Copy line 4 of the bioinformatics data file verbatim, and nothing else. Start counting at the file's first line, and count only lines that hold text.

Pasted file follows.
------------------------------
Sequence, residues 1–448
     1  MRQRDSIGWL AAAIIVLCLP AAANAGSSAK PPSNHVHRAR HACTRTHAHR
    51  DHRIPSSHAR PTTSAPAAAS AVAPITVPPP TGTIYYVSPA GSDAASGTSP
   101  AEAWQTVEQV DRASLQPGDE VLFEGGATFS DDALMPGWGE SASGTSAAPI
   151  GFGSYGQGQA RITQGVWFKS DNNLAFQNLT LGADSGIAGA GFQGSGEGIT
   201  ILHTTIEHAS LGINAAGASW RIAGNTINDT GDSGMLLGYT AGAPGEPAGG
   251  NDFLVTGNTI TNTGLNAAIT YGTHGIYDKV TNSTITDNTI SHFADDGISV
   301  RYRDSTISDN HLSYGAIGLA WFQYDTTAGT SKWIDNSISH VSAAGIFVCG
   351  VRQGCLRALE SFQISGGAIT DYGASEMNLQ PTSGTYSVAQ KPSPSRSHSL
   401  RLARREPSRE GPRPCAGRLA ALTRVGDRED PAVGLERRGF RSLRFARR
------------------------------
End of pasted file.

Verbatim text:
   101  AEAWQTVEQV DRASLQPGDE VLFEGGATFS DDALMPGWGE SASGTSAAPI